During activities like walking or running, your foot rolls inward when it hits to ground. To maintain proper alignment, your knee and lower leg roll too. Everybody does this to a certain degree, it’s natural body mechanics. Whether your foot rolls a little or a lot depends on your hips. If the muscles are weak, they can’t stabilize your legs, resulting in greater rolling. Which could then lead to .. KNEE PAIN. Weak hip muscles shift the strain onto your knees to keep your lower legs in alignment. This increase your risk of irritating these muscles and tendons.

I’ve successfully helped clients to stabilize the pelvis and strengthen the surrounding hip muscles using the “leg circles” on the reformer. The same exercise can also be done on the trapeze table and in a sidelying position. The mat Pilates exercise called the “side kicks” are also a great way to strengthen the hip muscles and support the pelvis. Bridging is another phenominal exercise used for improving stability in the hip and pelvis. Bridging is also great for spinal articulation (another blog altogether!)

Certain exercise injuries go hand in hand..get one, and the other’s not far behind. Find out what problems you’re at risk for and how to head off future aches and pains. You have heard the phrase “the leg bone’s connected to the knee bone.” Well, that’s the reson one injury puts you at risk for developing another. Everything is “connected”. Let’s talk about KNEE PAINS next time.

June 13, 2010 · Connor dawson · Comments Closed
Posted in: Injury Prevention

What should I do besides Pilates to get the most well-rounded fitness routine?

This is a frequent question… Well, deciding how much and what type of exercise you do will depend largely on your goals.  Pilates is a conditioning exercise and is  great for toning.  While it is challenging, it is not a cardiovascular exercise like walking, running, biking or swimming.

The most recent guidelines for physical activity, published at, recommend that adults do at least 150 minutes a week of moderate-intensity activity such as walking or moving on a cardio machine.  For greater health benefits and addressing issues like weight control, it is suggested that aerobic activity should be increase to at least 300 minutes a week.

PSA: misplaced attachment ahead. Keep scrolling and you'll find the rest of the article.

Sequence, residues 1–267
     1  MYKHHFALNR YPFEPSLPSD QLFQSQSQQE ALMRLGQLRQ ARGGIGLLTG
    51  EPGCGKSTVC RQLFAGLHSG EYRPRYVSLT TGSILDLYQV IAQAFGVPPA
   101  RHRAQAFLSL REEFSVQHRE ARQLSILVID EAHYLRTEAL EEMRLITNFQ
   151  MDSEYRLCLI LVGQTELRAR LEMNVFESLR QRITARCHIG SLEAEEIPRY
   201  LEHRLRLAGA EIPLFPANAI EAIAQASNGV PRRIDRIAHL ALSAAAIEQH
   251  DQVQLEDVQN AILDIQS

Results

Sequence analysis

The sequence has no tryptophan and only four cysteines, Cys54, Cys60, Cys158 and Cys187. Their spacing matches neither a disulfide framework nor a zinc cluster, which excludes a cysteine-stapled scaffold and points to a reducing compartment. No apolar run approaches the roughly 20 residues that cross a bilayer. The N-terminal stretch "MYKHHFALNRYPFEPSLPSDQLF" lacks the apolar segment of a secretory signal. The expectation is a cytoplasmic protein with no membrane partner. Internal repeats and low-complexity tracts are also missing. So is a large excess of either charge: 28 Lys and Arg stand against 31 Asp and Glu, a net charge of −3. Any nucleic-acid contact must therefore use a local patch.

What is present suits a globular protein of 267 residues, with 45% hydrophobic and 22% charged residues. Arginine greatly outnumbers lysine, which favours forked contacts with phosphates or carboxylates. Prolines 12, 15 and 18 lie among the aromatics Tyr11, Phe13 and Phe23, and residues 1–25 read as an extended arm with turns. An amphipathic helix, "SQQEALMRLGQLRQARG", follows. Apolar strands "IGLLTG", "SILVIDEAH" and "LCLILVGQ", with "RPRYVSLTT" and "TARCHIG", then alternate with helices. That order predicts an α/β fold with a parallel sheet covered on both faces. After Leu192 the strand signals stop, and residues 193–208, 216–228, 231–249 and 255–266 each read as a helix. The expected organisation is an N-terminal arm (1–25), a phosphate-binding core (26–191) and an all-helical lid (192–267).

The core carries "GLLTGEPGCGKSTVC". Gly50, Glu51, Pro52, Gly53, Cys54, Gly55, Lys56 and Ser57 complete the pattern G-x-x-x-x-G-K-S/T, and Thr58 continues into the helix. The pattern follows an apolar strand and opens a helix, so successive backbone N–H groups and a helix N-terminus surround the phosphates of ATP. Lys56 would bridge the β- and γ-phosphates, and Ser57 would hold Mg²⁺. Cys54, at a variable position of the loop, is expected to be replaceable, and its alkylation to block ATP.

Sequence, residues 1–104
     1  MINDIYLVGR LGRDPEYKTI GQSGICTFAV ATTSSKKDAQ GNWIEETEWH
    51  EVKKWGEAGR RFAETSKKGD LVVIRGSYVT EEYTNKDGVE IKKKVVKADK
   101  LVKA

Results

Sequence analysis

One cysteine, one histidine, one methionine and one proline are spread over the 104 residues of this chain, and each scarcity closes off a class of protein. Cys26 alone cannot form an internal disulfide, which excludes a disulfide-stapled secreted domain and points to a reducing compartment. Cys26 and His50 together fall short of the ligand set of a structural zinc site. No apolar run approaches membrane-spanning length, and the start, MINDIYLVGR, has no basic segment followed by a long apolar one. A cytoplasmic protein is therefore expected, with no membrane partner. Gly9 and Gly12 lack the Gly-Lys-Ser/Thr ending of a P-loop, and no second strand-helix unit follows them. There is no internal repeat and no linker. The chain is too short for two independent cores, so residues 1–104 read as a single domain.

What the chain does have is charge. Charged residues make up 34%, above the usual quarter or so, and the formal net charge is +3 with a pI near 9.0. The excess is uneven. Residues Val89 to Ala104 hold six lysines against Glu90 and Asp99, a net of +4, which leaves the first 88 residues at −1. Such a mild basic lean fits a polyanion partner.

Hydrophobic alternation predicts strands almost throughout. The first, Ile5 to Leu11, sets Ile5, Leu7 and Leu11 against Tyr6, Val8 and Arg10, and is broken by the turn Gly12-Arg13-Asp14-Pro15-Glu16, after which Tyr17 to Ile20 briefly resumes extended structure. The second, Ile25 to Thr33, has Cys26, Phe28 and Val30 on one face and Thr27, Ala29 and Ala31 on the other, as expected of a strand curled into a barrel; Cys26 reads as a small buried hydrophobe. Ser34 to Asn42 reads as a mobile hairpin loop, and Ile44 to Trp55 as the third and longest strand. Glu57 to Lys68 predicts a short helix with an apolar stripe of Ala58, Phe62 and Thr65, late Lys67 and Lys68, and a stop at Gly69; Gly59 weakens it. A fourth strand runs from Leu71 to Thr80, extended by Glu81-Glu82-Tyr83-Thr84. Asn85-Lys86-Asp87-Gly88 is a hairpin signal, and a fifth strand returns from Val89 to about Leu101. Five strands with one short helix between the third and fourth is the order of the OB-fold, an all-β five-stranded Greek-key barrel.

Pilates is wonderful and addresses many of fitness issues like core strength, flexibility and balance, but make sure you do not replace cardio days.

June 6, 2010 · Connor dawson · Comments Closed
Posted in: Uncategorized

Breathing and Pilates

When we breathe effectively, oxygen flows into our blood which flows through our muscles. More oxygen in the muscles equals more relaxed muscles. The more effectively we breath in Pilates, the more we can release those tense muscles “trying to help out” in our exercises.

Think of it like this.. your muscles need oxygen right? So, when you hold your breath, you stop getting oxygen in your lungs that go to your heart. The oxygen level in the blood drops, your muscles need more oxygen, the heart then pumps faster. This is like running, your muscles need more oxygen so the heart takes over and pumps faster.

Holding your breath, not breathing properly will also cause you to speed up your movement of the exercise. This tend to shorten the range of motion (ROM) which in turn interfere with the efficiency of the exercise and/or can possibly cause injury to your body.

Exhaling is just as important since it rids our body of bad air. Another good reason to focus on exhaling while doing Pilates is focusing on our secondary breathing mucles, our abdominal muscles. By fully exhaling, you are also performing a full abdominal contraction. Even without flexing our trunk, when we deflate our torsos, the rib cage and abdominal cavity drop. This releases the surface abdominals and activates our transverses abdominus, which is a key core muscle supporting the abdominal wall.

Just remember, breathing and muscular stabilization should occur before movement for safety and efficiency…for all of you type A uber-anxious people out there!

May 23, 2010 · Connor dawson · Comments Closed
Posted in: Uncategorized

Basic exercises that will help your awareness with using your abs and not your hip flexors

Basic exercises that can help increase your awareness and set the foundation for abdominal strength and body mechanics that balance your abs and hip flexor use: